CyberCube explains the approach allows the larger players to reduce their own risk while generating significant profits and provides less-mature ransomware criminals access to sophisticated ransomware toolkits for a small initial investment. There are now more than 50 RaaS variants in use, according to CyberCube.

While most ransomware attacks still occur in the United States, as criminal groups increase in scale and number, 2022 will see increasing internationalization of ransomware, the report says.

Hacktivists present their own threat to business and the cyber-insurance market. The threat they pose to state secrets and intelligence operations comes with potentially far-reaching implications, CyberCube said.

The report suggests that the hacktivist landscape is somewhat less well-defined and organized than other areas of the cyber-criminal landscape, including individuals and groups with a variety of skill levels and capabilities.

Over the past decade, hacktivism has been shaped by a few major players, the most influential of which has been the Anonymous group, the report says. "Anonymous is made up of proxy organizations, making it difficult to track and properly attribute attacks to the group," the report says. "However, groups like Anonymous often take public credit for their attacks."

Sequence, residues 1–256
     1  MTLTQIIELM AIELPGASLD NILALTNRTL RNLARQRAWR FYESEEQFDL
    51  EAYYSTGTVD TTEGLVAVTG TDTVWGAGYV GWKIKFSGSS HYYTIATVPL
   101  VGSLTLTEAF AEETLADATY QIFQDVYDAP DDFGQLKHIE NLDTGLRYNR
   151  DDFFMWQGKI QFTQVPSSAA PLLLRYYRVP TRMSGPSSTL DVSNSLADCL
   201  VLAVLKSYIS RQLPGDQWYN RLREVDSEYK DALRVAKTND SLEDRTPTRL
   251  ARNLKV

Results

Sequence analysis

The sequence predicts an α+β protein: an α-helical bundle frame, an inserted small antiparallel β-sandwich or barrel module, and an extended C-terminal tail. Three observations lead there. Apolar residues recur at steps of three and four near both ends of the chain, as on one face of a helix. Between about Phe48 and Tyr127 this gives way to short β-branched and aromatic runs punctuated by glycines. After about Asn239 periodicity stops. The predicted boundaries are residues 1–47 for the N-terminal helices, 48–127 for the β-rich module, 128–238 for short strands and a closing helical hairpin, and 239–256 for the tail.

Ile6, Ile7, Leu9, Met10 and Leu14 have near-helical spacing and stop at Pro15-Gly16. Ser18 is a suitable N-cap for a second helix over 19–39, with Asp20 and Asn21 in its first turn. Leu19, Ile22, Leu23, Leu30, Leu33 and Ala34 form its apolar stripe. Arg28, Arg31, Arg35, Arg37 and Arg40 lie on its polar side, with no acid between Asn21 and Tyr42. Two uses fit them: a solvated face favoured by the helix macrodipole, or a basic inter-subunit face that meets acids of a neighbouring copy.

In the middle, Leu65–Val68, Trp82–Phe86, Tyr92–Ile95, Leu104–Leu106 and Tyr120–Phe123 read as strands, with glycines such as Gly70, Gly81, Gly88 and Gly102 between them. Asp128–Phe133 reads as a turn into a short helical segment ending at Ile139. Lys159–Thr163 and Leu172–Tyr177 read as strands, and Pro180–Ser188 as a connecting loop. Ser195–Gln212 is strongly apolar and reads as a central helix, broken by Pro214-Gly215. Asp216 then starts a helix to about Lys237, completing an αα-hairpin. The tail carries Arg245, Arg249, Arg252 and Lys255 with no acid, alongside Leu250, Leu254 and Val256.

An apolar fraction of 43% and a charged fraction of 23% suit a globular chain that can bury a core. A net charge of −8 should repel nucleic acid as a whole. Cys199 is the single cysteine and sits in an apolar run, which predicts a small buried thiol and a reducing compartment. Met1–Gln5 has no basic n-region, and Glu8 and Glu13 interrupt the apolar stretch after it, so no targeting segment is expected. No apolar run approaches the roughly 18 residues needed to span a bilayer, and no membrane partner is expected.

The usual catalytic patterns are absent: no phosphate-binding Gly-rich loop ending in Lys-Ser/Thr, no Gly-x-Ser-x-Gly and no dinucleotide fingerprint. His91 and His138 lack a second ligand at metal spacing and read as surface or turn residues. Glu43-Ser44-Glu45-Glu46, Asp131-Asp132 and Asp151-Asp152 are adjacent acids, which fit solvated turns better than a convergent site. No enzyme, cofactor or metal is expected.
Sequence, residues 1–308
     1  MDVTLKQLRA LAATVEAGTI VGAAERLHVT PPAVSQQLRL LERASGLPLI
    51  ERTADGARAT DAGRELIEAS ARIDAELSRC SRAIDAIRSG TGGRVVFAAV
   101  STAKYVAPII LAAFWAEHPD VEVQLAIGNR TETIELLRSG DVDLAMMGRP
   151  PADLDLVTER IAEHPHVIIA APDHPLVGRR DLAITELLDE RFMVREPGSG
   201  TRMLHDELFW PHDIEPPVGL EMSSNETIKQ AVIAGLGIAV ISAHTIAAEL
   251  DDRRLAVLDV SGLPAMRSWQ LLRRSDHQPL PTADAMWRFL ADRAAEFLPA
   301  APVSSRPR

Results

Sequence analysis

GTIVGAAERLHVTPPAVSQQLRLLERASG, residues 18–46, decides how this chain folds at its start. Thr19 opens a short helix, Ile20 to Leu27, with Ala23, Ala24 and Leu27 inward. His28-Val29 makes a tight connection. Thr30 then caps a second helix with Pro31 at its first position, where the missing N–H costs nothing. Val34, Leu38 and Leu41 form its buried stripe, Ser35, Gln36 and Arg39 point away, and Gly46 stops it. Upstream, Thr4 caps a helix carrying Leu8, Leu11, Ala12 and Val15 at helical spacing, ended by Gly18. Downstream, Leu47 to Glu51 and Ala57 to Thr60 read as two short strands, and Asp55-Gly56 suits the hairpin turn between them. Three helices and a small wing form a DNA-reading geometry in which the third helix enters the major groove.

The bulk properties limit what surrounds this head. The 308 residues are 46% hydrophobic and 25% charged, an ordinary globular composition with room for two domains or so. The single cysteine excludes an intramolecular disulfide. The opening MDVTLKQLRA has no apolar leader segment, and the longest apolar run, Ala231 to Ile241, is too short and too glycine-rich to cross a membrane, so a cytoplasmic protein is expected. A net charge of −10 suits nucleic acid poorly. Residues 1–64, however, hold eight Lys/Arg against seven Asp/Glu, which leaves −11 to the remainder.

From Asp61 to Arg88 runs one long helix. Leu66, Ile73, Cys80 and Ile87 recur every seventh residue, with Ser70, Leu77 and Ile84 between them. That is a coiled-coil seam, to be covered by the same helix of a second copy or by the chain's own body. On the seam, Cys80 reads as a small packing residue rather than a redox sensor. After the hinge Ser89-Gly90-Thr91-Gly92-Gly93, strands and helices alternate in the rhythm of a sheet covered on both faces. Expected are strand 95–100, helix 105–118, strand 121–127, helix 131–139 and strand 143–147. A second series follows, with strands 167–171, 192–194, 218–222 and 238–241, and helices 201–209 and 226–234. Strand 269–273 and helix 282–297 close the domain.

In a statement accompanying the report, Darren Thomson, CyberCube's head of Cyber Intelligence Services and a coauthor of the report, said, "While cyber crime is the subject of considerable research, most of it is focused on specific types of attack. In our view, we need to know more about the threat actors behind these attacks. The more we understand their motivations and allegiances, the more we can predict their moves.

"A greater understanding of the key cyber actors will help the insurance sector predict how and where future attacks could arise and inform estimations of attack frequency and severity," Mr. Thomson said.

CyberCube notes that current estimates suggest that global losses resulting from cyber crime will reach $10.5 trillion by 2025.

"A greater understanding of the key cyber actors, their motivations, and how these lead to the utilization of specific techniques will help (re)insurers and brokers predict how and where future attacks could arise and inform estimations of attack frequency and severity," the report says.

The report concludes that while there is extensive documentation of the tactics, techniques, and procedures used in modern cyber attacks, focusing solely on those details and not on the threat actors involved as well will likely result in weaker cyber-catastrophe modeling underwriting practices and cyber-risk defense strategies.

"The world of the threat actor is a complex one with a variety of motivations," the report says. "Not all cyber criminals are built equally, and the cyber attacks we see every day come from actors whose competencies and maturities vary widely. Cyber-risk professionals will be best prepared if they factor these elements into their cyber-risk strategies."

June 15, 2022